Why Don’t We All Have Twelve Fingers Now?

The other day, someone asked me why humans haven’t evolved extra fingers to make it easier to use our smart phones and other new technology. We spend so much time interacting with this technology that having extra fingers to use for texting, scrolling, and other tasks would be quite useful. Why, then, don’t we have them?

To answer this question, we need to understand what it takes for a species to evolve. A species only evolves if a subgroup having a distinctive set of traits reproduces faster than the rest of the species over a long period of time. When this happens, the subgroup’s traits spread throughout the rest of the population, until all new members of the species have them. Darwin proposed that this occurs when the traits provide the subgroup with a reproductive advantage: for example, a finch having a smaller, pointed beak can gather food that finches with larger beaks can’t access. Today, biologists accept this mechanism as the primary way a species evolves, although there are other ways as well, such as genetic drift, where random variations in genes lead to lasting changes.

Knowing this, we can list what needs to happen for us to evolve those useful extra fingers:

  1. Some people must be born with extra fingers
  2. These people must reproduce more successfully than people with just 10 fingers
  3. This reproductive advantage must last until the trait spreads throughout the population

The first requirement is clearly met: about one of out every 500 live births will have at least one extra finger. That’s not extremely rare, but it’s also not very common: for comparison, Game 7 of the 2017 World Series had an attendance of 54,124 people, out of which we’d expect 27 people to have extra fingers (all else being equal). For the trait to spread, however, those people would need to reproduce more successfully than everyone else: that is, their offspring must have a better chance to reach reproductive maturity and successfully reproduce themselves than the offspring of people without the extra fingers. And while extra fingers could make it easier to use technology, it’s unlikely that this difference alone is enough to make that happen, especially for the hundreds of thousands of years it would take for the trait to spread to the rest of us.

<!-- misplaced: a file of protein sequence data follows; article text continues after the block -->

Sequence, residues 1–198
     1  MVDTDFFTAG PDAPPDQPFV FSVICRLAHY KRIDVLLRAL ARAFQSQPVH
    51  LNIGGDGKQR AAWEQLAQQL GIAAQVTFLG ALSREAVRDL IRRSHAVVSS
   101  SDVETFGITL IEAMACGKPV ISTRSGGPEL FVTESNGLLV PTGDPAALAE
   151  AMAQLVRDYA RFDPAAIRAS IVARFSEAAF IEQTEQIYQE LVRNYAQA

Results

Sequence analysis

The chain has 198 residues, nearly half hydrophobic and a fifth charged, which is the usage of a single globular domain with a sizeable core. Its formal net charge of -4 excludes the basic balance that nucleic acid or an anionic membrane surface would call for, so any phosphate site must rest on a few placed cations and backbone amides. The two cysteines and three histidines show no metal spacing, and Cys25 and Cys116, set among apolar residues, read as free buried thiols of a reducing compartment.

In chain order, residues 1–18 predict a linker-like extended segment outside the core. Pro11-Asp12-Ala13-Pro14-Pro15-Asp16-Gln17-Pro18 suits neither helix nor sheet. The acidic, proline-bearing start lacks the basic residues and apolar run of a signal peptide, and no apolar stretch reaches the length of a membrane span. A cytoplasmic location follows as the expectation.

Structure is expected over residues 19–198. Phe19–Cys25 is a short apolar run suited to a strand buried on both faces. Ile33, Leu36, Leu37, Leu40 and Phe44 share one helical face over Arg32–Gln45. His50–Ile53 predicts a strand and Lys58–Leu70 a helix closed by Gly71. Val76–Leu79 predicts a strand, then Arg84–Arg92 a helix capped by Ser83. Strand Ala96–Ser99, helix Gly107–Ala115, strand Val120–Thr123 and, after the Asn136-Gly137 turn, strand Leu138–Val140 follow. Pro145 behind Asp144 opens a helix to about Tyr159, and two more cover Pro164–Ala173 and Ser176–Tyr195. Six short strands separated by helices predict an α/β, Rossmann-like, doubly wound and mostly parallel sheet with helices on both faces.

If not extra fingers, then, what types of changes are we likely to see in our lifetimes? Our behavior is shaped by culture much more than biology, and culture can significantly change in relatively short periods of time. One such change is our increasing isolation from one another: the relative ease of travel, combined with cultural mandates to live as what 1960s counterculture would have called “our authentic selves” have made people less willing to connect with others just because of their accidental proximity. In today’s world, the ties of family and community are much less binding than at any point in recent history. Whatever one thinks of this, the impact will be as profound as walking upright, opposable thumbs, and brains that let us think one thing while claiming to believe another.